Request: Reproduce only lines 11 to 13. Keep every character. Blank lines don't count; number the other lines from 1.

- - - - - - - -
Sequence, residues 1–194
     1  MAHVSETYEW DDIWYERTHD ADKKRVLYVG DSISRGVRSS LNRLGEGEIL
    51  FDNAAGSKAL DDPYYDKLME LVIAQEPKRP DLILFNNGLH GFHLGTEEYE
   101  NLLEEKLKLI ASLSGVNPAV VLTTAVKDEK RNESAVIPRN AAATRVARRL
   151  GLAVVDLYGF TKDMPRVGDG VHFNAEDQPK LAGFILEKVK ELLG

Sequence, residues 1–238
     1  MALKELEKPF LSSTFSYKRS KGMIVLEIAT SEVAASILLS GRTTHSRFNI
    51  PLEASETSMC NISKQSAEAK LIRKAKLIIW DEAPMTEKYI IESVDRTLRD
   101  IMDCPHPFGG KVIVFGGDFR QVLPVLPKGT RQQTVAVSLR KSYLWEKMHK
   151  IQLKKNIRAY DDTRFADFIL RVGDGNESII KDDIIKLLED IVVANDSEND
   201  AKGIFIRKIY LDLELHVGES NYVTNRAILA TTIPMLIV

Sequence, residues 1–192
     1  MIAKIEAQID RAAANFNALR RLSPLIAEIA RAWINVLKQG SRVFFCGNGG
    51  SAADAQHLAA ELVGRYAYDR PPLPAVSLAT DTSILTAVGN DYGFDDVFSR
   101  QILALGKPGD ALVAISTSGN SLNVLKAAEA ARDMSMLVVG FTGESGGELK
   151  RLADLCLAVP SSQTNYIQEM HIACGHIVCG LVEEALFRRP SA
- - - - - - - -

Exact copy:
   201  AKGIFIRKIY LDLELHVGES NYVTNRAILA TTIPMLIV

Sequence, residues 1–192
     1  MIAKIEAQID RAAANFNALR RLSPLIAEIA RAWINVLKQG SRVFFCGNGG